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Assay Drug Dev Technol. 2010 Jun;8(3):344-55. doi: 10.1089/adt.2009.0254.

Development and validation of a transcreener assay for detection of AMP- and GMP-producing enzymes.

Author information

1
BellBrook Labs, Madison, Wisconsin, USA. matt.staeben@bellbrooklabs.com

Abstract

Screening of AMP- and GMP-producing enzymes such as phosphodiesterases (PDEs), ligases, and synthetases would be simplified by the ability to directly detect unmodified nucleoside monophosphates. To address this need, we developed polyclonal and monoclonal antibodies that recognize AMP and GMP with nanomolar sensitivity and high selectivity vs. the corresponding triphosphate and 3',5'-cyclic monophosphate nucleotides that serve as substrates for many enzymes in these classes. One of these antibodies was used to develop a Transcreener AMP/GMP assay with a far red fluorescence polarization (FP) readout. This polyclonal antibody exhibited extremely high selectivity, with IC(50) ratios of 6,000 for ATP/AMP, 3,810 for cAMP/AMP, and 6,970 for cGMP/GMP. Standard curves mimicking enzymatic conversion of cAMP, cGMP, and ATP to the corresponding monophosphates yielded Z' values of >0.85 at 10% conversion. The assay reagents were shown to be stable for 24 h at room temperature, both before and after dispensing. The Transcreener AMP/GMP FP assay was used for enzymatic detection of cGMP- and cAMP-dependent PDEs 4A1A, 3A, and 9A2 and ATP-dependent ligases, acetyl CoA synthetase, and ubiquitin- activating enzyme (UBE1). Shifts of >100 mP were observed in the linear part of the progress curves for all enzymes tested, and the PDE isoforms exhibited the expected substrate and inhibitor selectivity. These studies demonstrate that direct immunodetection of AMP and GMP is a flexible, robust enzyme assay method for diverse AMP- and GMP-producing enzymes. Moreover, it eliminates many of the shortcomings of other methods including the need for fluorescently labeled substrates, the low signal:background inherent in substrate depletion assays, and the potential for interference with coupling enzymes.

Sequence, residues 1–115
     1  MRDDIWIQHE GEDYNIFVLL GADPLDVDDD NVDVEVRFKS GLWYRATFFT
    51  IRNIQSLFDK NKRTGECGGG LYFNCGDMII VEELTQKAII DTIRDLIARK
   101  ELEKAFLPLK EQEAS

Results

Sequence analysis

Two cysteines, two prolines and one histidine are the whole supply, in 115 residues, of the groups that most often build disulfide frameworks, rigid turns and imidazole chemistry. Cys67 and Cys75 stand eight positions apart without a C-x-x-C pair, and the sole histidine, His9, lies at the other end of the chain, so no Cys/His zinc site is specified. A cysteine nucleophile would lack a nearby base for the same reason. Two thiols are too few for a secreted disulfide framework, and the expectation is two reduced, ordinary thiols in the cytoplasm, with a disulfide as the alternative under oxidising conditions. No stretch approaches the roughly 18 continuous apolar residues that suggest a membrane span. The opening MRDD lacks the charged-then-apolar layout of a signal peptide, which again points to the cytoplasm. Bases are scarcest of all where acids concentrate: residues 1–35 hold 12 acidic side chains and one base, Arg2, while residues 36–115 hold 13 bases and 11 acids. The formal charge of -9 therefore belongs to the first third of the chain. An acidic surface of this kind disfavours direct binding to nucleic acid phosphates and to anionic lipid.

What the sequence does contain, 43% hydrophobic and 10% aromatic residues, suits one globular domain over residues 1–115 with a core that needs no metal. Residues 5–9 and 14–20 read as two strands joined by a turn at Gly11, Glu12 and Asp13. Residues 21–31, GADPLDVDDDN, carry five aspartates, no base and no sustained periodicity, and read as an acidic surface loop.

PMID:
20158441
PMCID:
PMC2894640
DOI:
10.1089/adt.2009.0254
[Indexed for MEDLINE]
Free PMC Article

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